Would it still be considered bad practice if the class that is contained within still has it's members encapsulated?
Typically, you don't "hide" the members of the class behind the facade of private just to be a bully. You do it to preserve invariants.
Say you have a class Foo with a member bar_. bar_ has to be in the range of 14 and 76. The invariant here, then, is that 14>=bar_>=76. In order to preserve that invariant, you need to strictly control access to bar_. Setting it public, and allowing outside code to modify bar_ willy-nilly, can possibly lead to the invariant being violated, and the behavior of Foo being adversely affected as a result. So you specify that bar_ can only be accessed through methods designed to preserve the invariant (in this case, bounds checking the input and either correcting/clamping to range, or throwing an exception).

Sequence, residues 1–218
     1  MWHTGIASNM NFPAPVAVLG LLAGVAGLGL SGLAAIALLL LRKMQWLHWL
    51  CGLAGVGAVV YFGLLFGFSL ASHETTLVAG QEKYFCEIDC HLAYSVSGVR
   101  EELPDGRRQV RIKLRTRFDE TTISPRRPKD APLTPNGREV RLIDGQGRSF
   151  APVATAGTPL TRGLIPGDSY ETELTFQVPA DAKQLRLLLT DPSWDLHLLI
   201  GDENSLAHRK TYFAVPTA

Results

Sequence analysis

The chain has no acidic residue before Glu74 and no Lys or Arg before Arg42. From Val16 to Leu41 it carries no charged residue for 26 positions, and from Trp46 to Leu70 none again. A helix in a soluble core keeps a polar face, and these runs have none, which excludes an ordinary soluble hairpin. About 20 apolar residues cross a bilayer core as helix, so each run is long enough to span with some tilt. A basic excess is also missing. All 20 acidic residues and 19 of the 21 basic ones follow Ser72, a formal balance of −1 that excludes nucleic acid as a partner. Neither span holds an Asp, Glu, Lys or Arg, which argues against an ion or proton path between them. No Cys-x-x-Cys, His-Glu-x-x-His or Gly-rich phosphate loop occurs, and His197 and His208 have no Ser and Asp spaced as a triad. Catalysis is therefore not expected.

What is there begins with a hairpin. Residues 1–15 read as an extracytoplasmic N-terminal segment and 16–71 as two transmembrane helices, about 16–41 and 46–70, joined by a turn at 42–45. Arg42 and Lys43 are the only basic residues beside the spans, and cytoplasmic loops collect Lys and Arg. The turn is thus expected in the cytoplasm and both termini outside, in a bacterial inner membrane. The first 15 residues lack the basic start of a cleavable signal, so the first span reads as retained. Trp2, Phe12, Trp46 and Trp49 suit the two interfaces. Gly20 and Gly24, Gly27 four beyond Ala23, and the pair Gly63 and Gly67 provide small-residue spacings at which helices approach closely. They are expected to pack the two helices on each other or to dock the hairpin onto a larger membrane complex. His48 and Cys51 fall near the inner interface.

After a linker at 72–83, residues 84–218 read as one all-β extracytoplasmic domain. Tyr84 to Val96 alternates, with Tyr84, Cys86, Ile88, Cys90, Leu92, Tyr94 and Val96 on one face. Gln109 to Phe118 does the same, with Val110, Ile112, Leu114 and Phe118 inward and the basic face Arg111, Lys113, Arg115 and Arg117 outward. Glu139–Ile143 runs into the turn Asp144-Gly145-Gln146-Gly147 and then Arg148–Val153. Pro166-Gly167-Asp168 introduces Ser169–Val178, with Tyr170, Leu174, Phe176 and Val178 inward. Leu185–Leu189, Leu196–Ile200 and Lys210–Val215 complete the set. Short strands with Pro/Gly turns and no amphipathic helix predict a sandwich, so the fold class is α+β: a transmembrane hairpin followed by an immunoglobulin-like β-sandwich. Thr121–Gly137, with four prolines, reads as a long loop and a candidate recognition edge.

If allowing backpack to be exposed to the general public can't possibly violate any invariants of Player, then there is no harm in having it be public, and in fact setting it behind trivial accessor functions out of some misguided need to make all members private is making unnecessary work for yourself. But if the proper operation of Player relies upon strictly controlling access to backpack, then it should be walled away and protected behind a proper access interface so that the outside world doesn't meddle with things they don't understand.